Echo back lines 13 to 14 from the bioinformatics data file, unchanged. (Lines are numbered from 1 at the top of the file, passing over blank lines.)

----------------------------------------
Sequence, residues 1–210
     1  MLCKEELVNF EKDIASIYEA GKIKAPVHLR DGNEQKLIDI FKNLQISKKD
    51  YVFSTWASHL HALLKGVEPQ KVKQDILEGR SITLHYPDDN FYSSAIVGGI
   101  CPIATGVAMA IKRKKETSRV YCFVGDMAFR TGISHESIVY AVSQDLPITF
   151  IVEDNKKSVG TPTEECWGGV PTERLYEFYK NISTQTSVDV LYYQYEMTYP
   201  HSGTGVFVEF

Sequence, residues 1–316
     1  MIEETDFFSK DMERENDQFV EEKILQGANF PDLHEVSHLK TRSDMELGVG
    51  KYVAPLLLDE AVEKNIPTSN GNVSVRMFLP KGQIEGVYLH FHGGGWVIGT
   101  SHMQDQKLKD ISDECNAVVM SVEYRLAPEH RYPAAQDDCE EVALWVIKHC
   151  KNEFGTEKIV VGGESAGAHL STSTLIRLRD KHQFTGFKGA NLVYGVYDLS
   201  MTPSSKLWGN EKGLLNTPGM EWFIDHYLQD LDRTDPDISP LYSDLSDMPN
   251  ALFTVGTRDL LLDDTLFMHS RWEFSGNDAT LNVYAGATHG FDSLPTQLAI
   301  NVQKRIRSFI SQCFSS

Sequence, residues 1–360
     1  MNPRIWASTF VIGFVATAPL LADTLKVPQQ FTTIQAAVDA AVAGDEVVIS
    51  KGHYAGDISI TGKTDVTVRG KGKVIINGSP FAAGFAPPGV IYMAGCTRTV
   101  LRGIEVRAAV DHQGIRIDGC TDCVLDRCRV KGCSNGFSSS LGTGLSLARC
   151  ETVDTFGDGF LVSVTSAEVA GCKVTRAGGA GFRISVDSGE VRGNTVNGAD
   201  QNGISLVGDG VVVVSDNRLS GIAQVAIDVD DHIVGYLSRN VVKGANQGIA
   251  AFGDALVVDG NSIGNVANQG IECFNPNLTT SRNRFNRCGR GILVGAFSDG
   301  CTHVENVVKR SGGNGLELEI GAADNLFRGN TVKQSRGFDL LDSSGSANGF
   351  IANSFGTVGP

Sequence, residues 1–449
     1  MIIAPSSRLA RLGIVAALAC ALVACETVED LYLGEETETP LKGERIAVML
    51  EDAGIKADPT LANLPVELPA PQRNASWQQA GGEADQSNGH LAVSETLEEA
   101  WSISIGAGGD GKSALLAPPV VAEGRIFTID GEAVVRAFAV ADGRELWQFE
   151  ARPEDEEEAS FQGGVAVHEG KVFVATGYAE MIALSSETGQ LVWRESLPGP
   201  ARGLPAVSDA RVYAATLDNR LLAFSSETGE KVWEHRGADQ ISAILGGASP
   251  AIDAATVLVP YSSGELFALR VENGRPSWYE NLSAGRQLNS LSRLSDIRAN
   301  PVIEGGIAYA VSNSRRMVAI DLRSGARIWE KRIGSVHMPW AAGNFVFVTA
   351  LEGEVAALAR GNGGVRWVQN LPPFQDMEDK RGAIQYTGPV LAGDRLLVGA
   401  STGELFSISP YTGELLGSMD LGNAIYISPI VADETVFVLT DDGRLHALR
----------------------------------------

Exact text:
   251  ALFTVGTRDL LLDDTLFMHS RWEFSGNDAT LNVYAGATHG FDSLPTQLAI
   301  NVQKRIRSFI SQCFSS